Growing up my family and I were never handed anything and hard work was something we expected of ourselves without anyone needing to push us or reward us for our efforts. I can still remember a time in America where we knew and respected workers, where a hard day’s work brought home a hard day’s wage, and that job security and good paying jobs meant your family could meet its needs. Times have changed, but I still believe in a basic social contract that says hard work leads to a good life for you and your family.
When elected I will do everything within my power to pursue sustainable economic growth across our state. In particular, my priority will be to bring back to Pennsylvania, and our district, good-paying jobs which can support families and our community because too many Pennsylvanians are still struggling from the results of the economic crisis, job outsourcing, and crippling debt. The future requires innovative, sustainable, responsible efforts by business people and entrepreneurs to work together with local, state, and federal officials. Vision is required to lead our community. It is through such Public-Private partnerships, working with experts, and people on the ground, that we will lead our economy out of the crisis and into a future that benefits all citizens. A sincere and thought-out plan is necessary and this cannot get bogged down in partisan politics or ideology. We must rise above in order to put people first. The livelihoods of too many families are at stake to let politics get in the way.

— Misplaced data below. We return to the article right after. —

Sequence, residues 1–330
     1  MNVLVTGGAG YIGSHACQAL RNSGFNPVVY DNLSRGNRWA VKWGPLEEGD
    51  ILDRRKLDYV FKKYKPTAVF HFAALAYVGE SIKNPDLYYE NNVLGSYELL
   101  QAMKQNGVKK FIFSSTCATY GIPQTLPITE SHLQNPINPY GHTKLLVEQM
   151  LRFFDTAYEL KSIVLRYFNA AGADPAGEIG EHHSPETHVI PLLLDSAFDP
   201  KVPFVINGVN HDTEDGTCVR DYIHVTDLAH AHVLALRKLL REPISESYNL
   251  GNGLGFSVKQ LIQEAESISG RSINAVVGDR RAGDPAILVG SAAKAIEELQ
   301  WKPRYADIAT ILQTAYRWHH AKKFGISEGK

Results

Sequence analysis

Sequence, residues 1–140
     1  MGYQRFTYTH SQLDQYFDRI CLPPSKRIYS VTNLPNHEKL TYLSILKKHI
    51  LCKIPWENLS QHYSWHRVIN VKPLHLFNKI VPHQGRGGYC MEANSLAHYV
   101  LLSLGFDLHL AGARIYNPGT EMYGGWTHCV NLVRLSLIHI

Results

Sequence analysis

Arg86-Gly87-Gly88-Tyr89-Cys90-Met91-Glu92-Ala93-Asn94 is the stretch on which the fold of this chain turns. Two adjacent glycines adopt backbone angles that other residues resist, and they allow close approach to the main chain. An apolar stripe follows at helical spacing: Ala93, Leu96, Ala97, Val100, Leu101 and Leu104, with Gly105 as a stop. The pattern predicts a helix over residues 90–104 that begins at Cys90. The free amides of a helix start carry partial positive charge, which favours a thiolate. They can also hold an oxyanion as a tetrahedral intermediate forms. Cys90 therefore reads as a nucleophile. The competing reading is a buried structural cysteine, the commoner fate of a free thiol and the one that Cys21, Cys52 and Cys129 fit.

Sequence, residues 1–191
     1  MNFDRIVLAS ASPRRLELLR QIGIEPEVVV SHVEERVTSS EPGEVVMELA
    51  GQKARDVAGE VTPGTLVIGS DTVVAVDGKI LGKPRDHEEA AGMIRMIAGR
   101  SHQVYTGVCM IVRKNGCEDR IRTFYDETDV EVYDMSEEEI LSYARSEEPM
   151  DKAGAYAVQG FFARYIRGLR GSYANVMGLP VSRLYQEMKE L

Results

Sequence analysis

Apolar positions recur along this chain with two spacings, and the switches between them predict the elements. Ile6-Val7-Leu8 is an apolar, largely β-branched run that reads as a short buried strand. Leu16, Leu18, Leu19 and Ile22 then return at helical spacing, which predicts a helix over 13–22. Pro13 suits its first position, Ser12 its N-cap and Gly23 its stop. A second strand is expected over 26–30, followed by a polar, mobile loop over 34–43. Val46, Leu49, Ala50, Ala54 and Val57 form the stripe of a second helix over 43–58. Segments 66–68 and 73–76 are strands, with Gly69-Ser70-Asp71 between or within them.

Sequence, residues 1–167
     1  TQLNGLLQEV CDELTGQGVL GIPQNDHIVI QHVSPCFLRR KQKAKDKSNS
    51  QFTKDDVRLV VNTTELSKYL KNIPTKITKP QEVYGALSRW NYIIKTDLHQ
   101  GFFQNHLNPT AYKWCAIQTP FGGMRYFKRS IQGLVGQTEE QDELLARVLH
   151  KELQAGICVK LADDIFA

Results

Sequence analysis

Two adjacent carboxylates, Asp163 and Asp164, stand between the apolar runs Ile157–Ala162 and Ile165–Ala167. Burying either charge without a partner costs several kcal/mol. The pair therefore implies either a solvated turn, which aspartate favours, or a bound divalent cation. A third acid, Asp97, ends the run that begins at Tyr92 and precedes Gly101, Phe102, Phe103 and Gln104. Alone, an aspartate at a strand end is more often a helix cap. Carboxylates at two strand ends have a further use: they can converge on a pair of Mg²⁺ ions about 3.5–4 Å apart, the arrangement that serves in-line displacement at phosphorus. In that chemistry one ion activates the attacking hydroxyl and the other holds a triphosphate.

First, let’s talk REAL fiscal responsibility. That begins with being truthful. The Pennsylvania budget pays for common goods we all value: education, parks, roads, clean air and water, and so on. We value these and therefore we need a budget that is truthful and admits that we need to pay for common goods. Too many politicians try the con game of saying they won’t cut the things we value while they will cut taxes. And the con gets worse when state leaders cut goods like education forcing local leaders to pick up the slack.
PLAN TO SAVE PENNSYLVANIA
Pennsylvania’s economy was once among the most powerful in the world because we invested in people and everyone shared in the benefits of growth. Our economy can grow fast and work for all of us if we put people first again.
The well-being of Pennsylvanians depends on the common goods we create together, and economic rules that are not rigged to serve the rich, but benefit everyone. Economic growth is driven by rising wages and benefits, which allow people to buy more from our businesses. And businesses can produce more if workers are better educated and trained.